Curtain Call With Terkel | The Nation


Curtain Call With Terkel

  • Share
  • Decrease text size Increase text size

Ibsen, too, was waiting for Godot. All education has to be resumed every day, anew, afresh. We are never completely educated. And if we lived a thousand years, we'd still have much to learn, much to investigate, and much to be extremely curious about.... I say most people are latent human beings. And to become a human being takes an awful lot of effort and determination throughout a long life, because you can die long before you're buried.
   (Harold Clurman)

About the Author

John Leonard
John Leonard, the TV critic for New York magazine, a commentator on CBS Sunday Morning and book critic for The Nation...

Also by the Author

Salman Rushdie's The Satanic Verses, blasphemes not only Islam and Hinduism, but Thatcherism and the advertising industry. He's unkind, too, to V.S. Naipaul. For this they want to kill him?

John Leonard, former literary editor of The Nation, died November 6 at 69. From the archives, his iconic piece on Toni Morrison's Nobel Prize win, in his honor.

Studs's favorite actor is Spencer Tracy. I wish I'd known this at his eightieth birthday party in an Upper West Side penthouse, where Kenneth Clark was on the couch, in black-tie, obviously headed somewhere fancier, and Pete Seeger was in the kitchen, without a banjo, and Nelson Algren should have been outside on the ramparts, looking down at Broadway and explaining that "Mortimer Adler is the Lawrence Welk of the philosophy trade." Studs, telling naughty stories about Saul Bellow and Newton Minow, was his usual motley of red checkerboard, open-collared--but had there been about the roll of his shoulders some Bad Day at Black Rock? Probably. We've all been to Chicago. And if we're lucky, we've been interviewed on his radio show after he's read every word of our book, highlighted half of it and found some raucous tape snippet to shock us into sentience. And if there is about him a ghostly aspect of the sportswriter in the press box (he played one in Eight Men Out, the John Sayles Chicago Black Sox film), there is also about him the specter of a Cagney/Warner Bros. gangster out of Brecht (and he's played them, too, in thirties radio serials, the only man with a University of Chicago law degree to appear regularly on Ma Perkins). Who else would start smoking cigars because he liked the way they looked in the insolent mouths of the Cossacks in the Soviet movie Chapaev?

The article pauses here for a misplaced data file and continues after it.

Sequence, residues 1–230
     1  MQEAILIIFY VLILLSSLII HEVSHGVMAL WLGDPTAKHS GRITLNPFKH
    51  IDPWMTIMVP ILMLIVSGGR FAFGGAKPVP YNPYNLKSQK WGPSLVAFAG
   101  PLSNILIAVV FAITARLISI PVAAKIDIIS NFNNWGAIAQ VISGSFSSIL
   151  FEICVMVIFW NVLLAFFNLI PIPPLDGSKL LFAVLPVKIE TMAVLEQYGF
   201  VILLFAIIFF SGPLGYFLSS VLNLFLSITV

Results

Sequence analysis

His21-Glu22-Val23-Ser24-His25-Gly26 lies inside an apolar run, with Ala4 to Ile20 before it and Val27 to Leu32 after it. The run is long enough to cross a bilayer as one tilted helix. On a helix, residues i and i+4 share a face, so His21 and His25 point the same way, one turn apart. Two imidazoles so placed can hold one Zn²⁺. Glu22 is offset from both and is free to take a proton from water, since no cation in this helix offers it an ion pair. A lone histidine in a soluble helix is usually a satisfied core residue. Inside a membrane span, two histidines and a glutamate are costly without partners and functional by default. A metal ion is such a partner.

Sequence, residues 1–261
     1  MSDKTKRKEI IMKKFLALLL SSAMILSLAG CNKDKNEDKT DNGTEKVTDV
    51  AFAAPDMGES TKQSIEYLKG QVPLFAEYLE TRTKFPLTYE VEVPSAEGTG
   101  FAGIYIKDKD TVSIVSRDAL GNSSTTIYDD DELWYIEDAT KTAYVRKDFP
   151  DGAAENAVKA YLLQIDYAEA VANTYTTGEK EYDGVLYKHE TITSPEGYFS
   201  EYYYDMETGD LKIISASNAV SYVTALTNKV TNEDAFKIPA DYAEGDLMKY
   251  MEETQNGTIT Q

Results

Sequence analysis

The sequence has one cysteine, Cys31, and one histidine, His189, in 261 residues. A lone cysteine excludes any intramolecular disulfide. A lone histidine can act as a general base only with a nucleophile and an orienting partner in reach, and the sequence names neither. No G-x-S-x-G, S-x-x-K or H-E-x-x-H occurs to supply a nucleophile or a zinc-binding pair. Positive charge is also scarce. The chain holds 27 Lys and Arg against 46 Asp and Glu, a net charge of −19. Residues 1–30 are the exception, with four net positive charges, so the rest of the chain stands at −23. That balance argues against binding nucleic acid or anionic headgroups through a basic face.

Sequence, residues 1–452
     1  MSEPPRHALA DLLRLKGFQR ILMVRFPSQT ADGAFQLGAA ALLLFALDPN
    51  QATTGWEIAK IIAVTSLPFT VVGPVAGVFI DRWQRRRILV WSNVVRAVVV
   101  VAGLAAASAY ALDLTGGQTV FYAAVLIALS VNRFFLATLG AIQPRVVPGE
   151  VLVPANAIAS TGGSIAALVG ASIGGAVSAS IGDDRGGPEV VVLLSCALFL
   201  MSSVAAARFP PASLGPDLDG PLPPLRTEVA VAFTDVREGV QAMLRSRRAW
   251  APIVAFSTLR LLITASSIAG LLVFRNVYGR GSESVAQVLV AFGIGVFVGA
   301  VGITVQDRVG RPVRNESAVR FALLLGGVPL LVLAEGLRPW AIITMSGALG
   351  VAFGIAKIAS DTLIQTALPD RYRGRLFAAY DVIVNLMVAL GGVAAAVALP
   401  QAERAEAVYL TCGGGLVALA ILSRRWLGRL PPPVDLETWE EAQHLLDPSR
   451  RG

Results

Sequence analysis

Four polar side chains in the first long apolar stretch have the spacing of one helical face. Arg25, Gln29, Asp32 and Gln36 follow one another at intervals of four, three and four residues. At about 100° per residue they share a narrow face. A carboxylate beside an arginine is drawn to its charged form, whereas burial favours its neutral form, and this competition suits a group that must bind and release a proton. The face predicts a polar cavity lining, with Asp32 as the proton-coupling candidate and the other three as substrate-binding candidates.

For that matter, how come the guy who lost his local television show, Studs' Place, during the fifties Red Scare is always so damned cheerful? Shouldn't those of us who were losing with the Cubs even before we lost the Spanish Civil War be moping in a corner and sucking on an egg? Act your age, like Abe Rosenthal.

But Studs leads a rich interior life, imagining himself as Erich von Stroheim playing Colonel von Rauffenstein in Grand Illusion. Or Conrad Veidt playing the somnambulist Cesare in The Cabinet of Doctor Caligari. Or Takashi Shimura, in Kurosawa's Ikiru, singing "Uta No Gondola." Or the French chanteuse Lucienne Boyer singing "Plaisir d'amour" in Balieff's Chauve Souris. Or a "shuffling old Theseus in need of Ariadne and her ball of thread," whistling "Who Will Buy My Pretty Violets?"--the blind flower-girl's song from Chaplin's City Lights. From his Division Street beginnings, he was forever to be found at the theater, in an opera house or concert hall, losing it at the movies. (He even talks here to Pauline Kael.) From 1929 on, living in a "Rooms for Men" boardinghouse within walking distance of the Loop, he got two free tickets to almost everything in exchange for putting up posters in his seedy lobby. During the fifties blacklist, he even mismanaged an art-house theater. Ever after, he had his radio program five days a week on WFMT.

By most of what he saw and heard--from Ethan Frome to Beau Geste to Pather Panchali--he was so often either "bowled over" or "knocked out" that it's amazing he was never floored. And he hasn't forgotten an image or a note. He pleases Vittorio De Sica by recalling the name of the little kid in The Bicycle Thief, startles Satyajit Ray by having seen the all-but-unknown Kanchenjungha, amazes Edward Albee by knowing the real-life vaudeville model for a character in A Delicate Balance and flabbergasts James Bell, the actor who was electrocuted at the first-act curtain of The Last Mile in a 1930 Chicago production, by calling him up thirty-eight years later to offer him the part of an old Wobbly in a play Studs himself had written: "You want me?" says Bell, too old and too sick to stir from Virginia. "I had a funny feeling he was crying," Studs tells us.

This isn't to mention such historical nuggets as Studs's reminding Cagney that George M. Cohan "was a fink" in the early days of Actors Equity, firing anyone who dared to join the union. Or such grace notes as his memory of Buster Keaton playing with a bedsheet, now a Roman senator, now an Arab sheik, now a white shroud. Nor even to hint at the search engine at work in these pages, the browsing and the hyperlinks--from Edith Piaf and William Powell to the black Macbeth of Orson Welles to Steiner's suicide in La Dolce Vita to Simone Signoret's French version of Little Foxes to Billie Holiday and Lotte Lenya to Emlyn Williams as Charles Dickens, Hal Holbrook as Mark Twain and E.G. Marshall in The Iceman Cometh. As if his own wise head were a Cinema Paradiso, he free-associates these interviews to weave a ramifying pattern. Thus Buster Keaton shows up in the middle of Truffaut, and De Sica in the middle of King Vidor, and Tallulah Bankhead in the middle of Carol Channing, and Diana Barrymore in the middle of Tennessee Williams, and Marcello Mastroianni and Alain Cuny in the middle of Federico Fellini.

  • Share
  • Decrease text size Increase text size